Jerusalem, Jerusalem: How the Ancient City Ignited Our Modern World

Jerusalem, Jerusalem: How the Ancient City Ignited Our Modern World

By:  James Carroll

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“Provocative . . . the book brims with splendid insights.” — Los Angeles Times

Jerusalem: the ancient City on a Hill, a place central to three major religions, a transcendent fantasy that ignites religious fervor unlike anywhere else on earth. James Carroll’s urgent, masterly Jerusalem, Jerusalem uncovers the history of the city and explores how it came to define culture in both the Middle East and America.

Carroll shows how the New World was shaped by obsessions with Jerusalem, from Christopher Columbus’s search for a westward route to the city, to the fascination felt by American presidents from Abraham Lincoln to Ronald Reagan. Heavenly Jerusalem defines the American imagination — and always the earthly city smolders. Jerusalem fever, inextricably tied to Christian fervor, is the deadly — unnamed — third party to the Israeli-Palestinian wars. Understanding this fever is the key that unlocks world history, and the diagnosis that gives us our best chance to reimagine peace.

“I dare you to read this book and see Jerusalem, or yourself, the same way.” — Bernard Avishai, author of The Hebrew Republic

"So provocative and illuminating that it should not be overlooked by anyone who cares about the future of Jerusalem." — Jewish Journal

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  • Format: Paperback

  • ISBN-13/EAN: 9780547747620

  • ISBN-10: 0547747624

  • Pages: 432

  • Price: $16.95

  • Publication Date: 04/24/2012

  • Carton Quantity: 24

James Carroll
Author

James Carroll

James Carroll was raised in Washington, D.C., and ordained to the Catholic priesthood in 1969. He served as a chaplain at Boston University from 1969 to 1974, then left the priesthood to become a writer. A distinguished scholar- in-residence at Suffolk University, he is a columnist for the Boston Globe and a regular contributor to the Daily Beast. His critically admired books include Practicing Catholic, the National Book Award–winning An American Requiem, House of War, which won the first PEN/Galbraith Award, and the New York Times bestseller Constantine’s Sword, now an acclaimed documentary.
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  • reviews

    "A masterful look at the paradoxical city on a hill...a meditation unlike any book published this season, indeed a meditation for all seasons." - Boston Globe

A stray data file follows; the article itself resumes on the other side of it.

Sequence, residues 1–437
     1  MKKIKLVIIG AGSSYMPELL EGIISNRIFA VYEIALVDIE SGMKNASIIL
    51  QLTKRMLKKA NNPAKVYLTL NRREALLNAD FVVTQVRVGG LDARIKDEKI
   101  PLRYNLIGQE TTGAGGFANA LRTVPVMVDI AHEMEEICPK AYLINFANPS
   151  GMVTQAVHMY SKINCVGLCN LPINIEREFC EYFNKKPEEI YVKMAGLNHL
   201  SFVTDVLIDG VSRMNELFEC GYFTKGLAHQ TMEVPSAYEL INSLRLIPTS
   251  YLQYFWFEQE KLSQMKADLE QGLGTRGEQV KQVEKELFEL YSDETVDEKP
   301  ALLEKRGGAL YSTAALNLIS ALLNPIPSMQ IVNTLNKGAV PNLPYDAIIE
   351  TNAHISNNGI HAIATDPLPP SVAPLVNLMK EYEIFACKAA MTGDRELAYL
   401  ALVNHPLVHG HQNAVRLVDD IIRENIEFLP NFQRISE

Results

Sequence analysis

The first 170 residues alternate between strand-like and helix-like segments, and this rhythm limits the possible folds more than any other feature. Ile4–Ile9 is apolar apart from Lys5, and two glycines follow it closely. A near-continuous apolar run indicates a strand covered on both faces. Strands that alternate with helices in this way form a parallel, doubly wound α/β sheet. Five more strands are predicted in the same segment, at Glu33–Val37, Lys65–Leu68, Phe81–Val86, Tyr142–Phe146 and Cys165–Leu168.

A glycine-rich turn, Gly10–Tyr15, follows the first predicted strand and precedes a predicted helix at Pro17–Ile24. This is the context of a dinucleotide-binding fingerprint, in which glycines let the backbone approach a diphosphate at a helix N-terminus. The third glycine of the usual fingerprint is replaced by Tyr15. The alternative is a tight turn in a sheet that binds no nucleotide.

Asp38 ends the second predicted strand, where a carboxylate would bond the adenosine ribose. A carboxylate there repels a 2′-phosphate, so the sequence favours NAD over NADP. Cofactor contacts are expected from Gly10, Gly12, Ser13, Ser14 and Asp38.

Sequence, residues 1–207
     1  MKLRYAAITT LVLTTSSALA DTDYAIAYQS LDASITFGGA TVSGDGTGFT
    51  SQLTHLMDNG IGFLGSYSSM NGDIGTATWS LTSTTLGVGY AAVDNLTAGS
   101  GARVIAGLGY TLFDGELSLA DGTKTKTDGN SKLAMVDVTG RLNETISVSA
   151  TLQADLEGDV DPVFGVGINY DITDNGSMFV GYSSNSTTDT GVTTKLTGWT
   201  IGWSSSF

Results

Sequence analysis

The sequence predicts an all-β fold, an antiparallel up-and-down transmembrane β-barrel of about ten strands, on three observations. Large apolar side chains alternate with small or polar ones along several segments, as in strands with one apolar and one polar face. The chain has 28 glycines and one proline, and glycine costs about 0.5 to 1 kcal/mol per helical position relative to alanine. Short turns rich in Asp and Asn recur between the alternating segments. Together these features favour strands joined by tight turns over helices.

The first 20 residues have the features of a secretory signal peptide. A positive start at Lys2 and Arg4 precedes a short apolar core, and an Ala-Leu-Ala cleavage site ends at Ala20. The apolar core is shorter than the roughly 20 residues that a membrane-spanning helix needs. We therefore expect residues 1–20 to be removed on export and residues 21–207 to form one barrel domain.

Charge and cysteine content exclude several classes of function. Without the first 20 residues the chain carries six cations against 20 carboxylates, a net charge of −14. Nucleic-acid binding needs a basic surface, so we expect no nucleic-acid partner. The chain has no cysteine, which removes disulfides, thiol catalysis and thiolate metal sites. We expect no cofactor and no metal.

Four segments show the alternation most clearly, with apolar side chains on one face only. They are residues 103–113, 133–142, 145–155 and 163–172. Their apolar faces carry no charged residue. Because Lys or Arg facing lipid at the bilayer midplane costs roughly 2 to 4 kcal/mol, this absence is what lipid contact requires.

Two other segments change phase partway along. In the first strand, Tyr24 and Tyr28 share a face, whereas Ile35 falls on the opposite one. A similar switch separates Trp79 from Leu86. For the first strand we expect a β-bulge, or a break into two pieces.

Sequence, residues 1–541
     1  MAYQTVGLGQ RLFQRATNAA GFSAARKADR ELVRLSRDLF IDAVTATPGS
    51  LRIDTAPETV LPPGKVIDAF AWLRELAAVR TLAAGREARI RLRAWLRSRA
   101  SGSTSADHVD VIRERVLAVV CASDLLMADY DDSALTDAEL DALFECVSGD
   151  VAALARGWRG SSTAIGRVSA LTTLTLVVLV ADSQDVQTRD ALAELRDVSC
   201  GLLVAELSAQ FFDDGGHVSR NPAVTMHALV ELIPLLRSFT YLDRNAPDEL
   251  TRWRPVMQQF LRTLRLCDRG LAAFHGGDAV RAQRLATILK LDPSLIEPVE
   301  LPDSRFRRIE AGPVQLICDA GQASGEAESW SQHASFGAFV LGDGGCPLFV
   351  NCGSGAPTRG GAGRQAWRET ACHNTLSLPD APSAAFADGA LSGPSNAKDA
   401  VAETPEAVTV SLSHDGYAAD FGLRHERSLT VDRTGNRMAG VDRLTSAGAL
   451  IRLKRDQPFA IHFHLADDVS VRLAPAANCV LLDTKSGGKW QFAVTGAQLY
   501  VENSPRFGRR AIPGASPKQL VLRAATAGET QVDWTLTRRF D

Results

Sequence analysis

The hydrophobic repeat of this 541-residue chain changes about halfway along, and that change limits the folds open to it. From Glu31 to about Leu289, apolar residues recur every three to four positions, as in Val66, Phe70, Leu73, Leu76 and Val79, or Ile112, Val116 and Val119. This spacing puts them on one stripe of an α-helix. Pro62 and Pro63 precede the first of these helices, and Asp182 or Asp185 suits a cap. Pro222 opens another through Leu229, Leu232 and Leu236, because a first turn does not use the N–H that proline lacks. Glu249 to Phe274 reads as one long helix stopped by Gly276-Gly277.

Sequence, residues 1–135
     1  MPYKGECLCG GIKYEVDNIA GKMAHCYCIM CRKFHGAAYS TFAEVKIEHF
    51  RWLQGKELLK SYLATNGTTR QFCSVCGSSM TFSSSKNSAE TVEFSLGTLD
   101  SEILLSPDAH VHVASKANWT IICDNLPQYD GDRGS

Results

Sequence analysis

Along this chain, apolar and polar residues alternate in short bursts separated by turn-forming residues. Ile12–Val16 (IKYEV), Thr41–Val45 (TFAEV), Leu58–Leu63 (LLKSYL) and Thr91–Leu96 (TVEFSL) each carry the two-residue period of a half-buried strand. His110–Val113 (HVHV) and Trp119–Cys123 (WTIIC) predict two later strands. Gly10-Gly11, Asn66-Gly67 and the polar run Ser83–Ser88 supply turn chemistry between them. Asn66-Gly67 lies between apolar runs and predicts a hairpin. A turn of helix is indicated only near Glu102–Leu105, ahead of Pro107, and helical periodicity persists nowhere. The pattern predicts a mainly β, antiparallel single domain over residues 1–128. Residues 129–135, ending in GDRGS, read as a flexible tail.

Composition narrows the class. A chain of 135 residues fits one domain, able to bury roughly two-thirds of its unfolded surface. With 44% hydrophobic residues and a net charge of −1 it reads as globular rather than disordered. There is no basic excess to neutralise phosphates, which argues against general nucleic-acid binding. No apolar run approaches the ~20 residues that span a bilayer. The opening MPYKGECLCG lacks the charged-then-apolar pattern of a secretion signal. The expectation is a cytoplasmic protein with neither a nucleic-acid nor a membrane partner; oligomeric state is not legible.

"Provocative" - San Francisco Chronicle

    "Jerusalem, Jerusalem [is] James Carroll's timely contribution to richer understanding of the conflict over this city....If you want to follow the twists and turns between Israelis and Palestinians over who may end up controlling what in the holy city and why, reading Carroll's book is a helpful place to begin." -St. Louis Today

    "[Jerusalem, Jerusalem brings a fresh interpretation of the city as well as the spiritual impetus of three monotheisitic religions' toehold in its long, bloody past....By reading this landmark book, those who think they know all there is to know about Jerusalem or the three religions that have coalesced around it will discover how much they didn't know." -Oklahoman

    the compelling follow-up to [Carroll's] best-selling Constantine’s Sword...his use of Jerusalem as a prism to examine the development of monotheism, and his prescription for what he believes might be a more positive future path, provide a powerful and provocative intellectual journey." - BookPage

    "one of the broadest and most balanced accounts of the city of King David in recent years...Conceptually profound, richly detailed, and wonderfully realized, this book brings to life the dynamic story of the Divided City." - STARRED, Publishers Weekly

    "Carroll’s writing is so compelling, so beautifully constructed, that, ironically, the book can be a very slow read. There is something on almost every page that makes the reader want to stop and contemplate. For those meeting Jerusalem for the first time, this volume makes a stunning introduction. For others, who have struggled with the city’s conundrums, either its symbolic meaning in the history of civilization or its place in the modern world, Carroll’s reflections will add clarity if not closure." - STARRED, Booklist

    "A sound, deeply felt study of Jerusalem as the 'cockpit of violence' for the three Abrahamic religions....Another winner from a skillful writer and thinker of the first rank." - Kirkus

    "Carroll here explores not Jerusalem but the idea of Jerusalem—how, from the Crusades to Christopher Columbus’s Jerusalem-centric view to the founding of Israel, the city has inspired passionate idealism and hence conflict....one of my nonfiction favorites." - Library Journal
  • excerpts

    Chapter one

    Introduction: Two Jerusalems

    1. Heat

    This book is about the lethal feedback loop between the actual

    city of Jerusalem and the apocalyptic fantasy it inspires. It is a book,

    therefore, about two Jerusalems: the earthly and the heavenly, the mundane

    and the imagined. That doubleness shows up in the tension between

    Christian Jerusalem and Jewish Jerusalem, between European

    Jerusalem and Islamic Jerusalem, between Israeli Jerusalem and Palestinian

    Jerusalem, and between the City on a Hill and the Messiah

    nation that, beginning with John Winthrop, understands itself in its

    terms. But all recognizably contemporary conflicts have their buried

    foundations in the deep past, and this book will excavate them. Always,

    the story will curve back to the real place: the story of how humans living

    on the ridge about a third of the way between the Dead Sea and the

    Mediterranean have constantly been undermined by the overheated

    dreams of pilgrims who, age in and age out, arrive at the legendary

    gates with love in their hearts, the end of the world in their minds, and

    weapons in their hands.

     It is as if the two Jerusalems rub against each other like stone against

    flint, generating the spark that ignites fire. There is the literal fire of

    wars among peoples and nations, taken to be holy because ignited in

    the holy city, and that will be our subject. There is the fire of the God

    who first appeared as a burning bush,1 and then as flames hovering